Many African leaders provide examples of leaders who have lost the total system of their institution. The recycling of old guards and political allies is a sign of their inability to revitalize the political institution.  

The shift by many African countries between theories of socialist one party state, capitalist – structural adjustment programmes is a clear sign that Africa is led by a group of top managers, who at liberation time, had a persistent belief to liberate the country but totally lost their vision and have become inarticulate of their founding vision.

Implementing the vision

Most political parties in Africa have annual general assemblies, where they chart a new vision, revitalize themselves or assess their capacity to implement their vision. It is here that the commitment to the vision and the degree of tolerance is judged; hence we begin to see the inconsistency at the top. At an annual party caucus in Mutare in 1998, the late Zanu PF activist, Boarder Gezi, openly challenged the president and warned; “about land, comrade Mugabe, people say you have failed and they are not patient!.” This was to tell top management that the vision of the liberation struggle was not being implemented.

Operating Experience – How leaders develop

As a leader, you have to know your core business, how to make the product, the equipment to use and what it takes to run the business better.  Zimbabwe and other African countries have leaders who mourn everyday about lack of foreign currency. It appears they do not know or have no experience in the business of earning foreign currency. The president of Zimbabwe, for instance, lashes out venom to the foreign nationals everyday on TV and does very little to create ground for earning foreign currency. It is ridiculous. Lack of basic operating fundamentals fatally undermines the ability to govern or revitalize any leadership strategy.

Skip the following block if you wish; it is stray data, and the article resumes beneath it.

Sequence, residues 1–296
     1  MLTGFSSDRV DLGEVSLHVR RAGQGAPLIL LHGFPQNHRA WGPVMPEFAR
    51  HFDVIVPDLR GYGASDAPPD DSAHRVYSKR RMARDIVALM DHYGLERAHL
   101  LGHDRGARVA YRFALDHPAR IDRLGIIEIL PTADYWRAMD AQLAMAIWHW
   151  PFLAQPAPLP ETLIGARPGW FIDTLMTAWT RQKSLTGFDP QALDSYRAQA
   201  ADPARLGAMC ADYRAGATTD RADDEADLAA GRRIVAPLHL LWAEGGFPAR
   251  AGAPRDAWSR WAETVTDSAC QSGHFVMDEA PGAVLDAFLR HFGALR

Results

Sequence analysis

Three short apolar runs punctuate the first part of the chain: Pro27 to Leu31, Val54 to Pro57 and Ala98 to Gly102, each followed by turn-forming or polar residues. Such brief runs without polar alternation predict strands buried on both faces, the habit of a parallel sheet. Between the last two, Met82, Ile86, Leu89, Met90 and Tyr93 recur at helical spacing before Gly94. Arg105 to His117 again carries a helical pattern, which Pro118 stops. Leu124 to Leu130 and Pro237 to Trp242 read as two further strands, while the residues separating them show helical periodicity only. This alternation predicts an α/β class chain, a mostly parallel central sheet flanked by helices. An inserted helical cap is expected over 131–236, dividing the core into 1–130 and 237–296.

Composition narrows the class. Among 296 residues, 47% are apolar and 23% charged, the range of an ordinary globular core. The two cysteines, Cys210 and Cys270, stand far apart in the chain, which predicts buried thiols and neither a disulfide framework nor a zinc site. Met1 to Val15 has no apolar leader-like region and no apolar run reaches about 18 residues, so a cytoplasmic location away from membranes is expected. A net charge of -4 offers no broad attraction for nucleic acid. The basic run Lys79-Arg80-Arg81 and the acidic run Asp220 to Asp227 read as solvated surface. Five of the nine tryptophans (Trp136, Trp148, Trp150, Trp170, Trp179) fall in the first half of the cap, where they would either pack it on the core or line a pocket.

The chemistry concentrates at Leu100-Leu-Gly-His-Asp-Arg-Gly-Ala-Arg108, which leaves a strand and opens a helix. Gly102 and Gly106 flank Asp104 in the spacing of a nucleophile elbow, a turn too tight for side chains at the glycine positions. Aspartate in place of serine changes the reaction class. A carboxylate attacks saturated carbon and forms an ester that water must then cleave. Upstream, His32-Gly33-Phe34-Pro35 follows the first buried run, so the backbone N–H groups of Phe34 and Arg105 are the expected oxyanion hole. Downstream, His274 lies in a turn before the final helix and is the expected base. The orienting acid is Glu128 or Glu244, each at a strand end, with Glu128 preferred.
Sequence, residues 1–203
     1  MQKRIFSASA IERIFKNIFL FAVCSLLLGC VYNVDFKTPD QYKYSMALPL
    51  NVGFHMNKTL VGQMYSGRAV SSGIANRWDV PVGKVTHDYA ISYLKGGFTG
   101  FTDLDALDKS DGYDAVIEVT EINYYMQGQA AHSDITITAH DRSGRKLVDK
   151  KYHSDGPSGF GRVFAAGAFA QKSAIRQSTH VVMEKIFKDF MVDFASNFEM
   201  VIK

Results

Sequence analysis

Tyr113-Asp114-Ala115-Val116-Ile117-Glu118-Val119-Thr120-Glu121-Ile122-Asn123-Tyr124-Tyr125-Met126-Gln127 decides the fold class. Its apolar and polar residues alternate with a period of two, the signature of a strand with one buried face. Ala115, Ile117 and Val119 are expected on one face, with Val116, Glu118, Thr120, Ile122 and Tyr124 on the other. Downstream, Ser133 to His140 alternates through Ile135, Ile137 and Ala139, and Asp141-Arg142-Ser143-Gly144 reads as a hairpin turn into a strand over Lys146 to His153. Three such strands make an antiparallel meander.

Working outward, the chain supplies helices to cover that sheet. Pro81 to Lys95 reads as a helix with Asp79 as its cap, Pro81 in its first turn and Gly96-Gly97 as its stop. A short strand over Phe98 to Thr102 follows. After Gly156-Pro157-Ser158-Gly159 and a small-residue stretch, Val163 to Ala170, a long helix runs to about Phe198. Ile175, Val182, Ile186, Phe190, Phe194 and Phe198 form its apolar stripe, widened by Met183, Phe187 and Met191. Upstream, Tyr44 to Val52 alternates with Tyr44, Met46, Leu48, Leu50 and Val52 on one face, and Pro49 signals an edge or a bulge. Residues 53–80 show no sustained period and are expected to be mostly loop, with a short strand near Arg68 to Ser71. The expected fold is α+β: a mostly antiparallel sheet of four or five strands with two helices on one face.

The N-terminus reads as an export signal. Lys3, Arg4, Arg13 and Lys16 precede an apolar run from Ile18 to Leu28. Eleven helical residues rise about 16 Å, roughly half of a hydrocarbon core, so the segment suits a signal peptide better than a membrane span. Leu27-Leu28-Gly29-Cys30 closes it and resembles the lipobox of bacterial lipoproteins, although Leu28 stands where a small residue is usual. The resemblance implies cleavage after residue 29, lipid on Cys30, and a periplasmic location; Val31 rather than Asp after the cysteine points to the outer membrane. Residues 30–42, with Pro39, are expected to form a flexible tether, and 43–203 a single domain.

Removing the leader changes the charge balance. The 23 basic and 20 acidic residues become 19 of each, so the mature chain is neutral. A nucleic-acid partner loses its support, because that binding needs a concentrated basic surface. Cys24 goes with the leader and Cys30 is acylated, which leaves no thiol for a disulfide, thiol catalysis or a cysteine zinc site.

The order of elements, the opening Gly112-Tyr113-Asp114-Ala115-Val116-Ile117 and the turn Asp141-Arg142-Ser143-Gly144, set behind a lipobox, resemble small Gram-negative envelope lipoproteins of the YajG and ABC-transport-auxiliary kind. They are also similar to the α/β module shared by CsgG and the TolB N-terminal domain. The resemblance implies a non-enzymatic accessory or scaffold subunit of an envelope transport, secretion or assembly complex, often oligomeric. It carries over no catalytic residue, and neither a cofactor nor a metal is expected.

Experience is a great teacher and has proved that it can surpass academic and technical training. Many leaders in industry house this self-revealing experience. In order for effective organisations to be developed, organisations need to develop effective leaders by creating an organisational context that encourages the development of leadership skills in its members. However society faces a dilemma, as current leaders are part of the process/context that needs to be changed. How can political leaders who have not leant new attitudes and behavior themselves develop a new corporate context in Zimbabwe?

The answer lies in the revitalization strategy that encourages innovation units and top managers to get progress started. If the most promising managers are recognized, they will shape the wider political context of the organisation. The process once started can be self-perpetuating.

By Phillip Bohwasi
Social Scientist, Civil Society participant
Founder of Zimbabwe Opportunities Industrialisation Centers (ZOIC).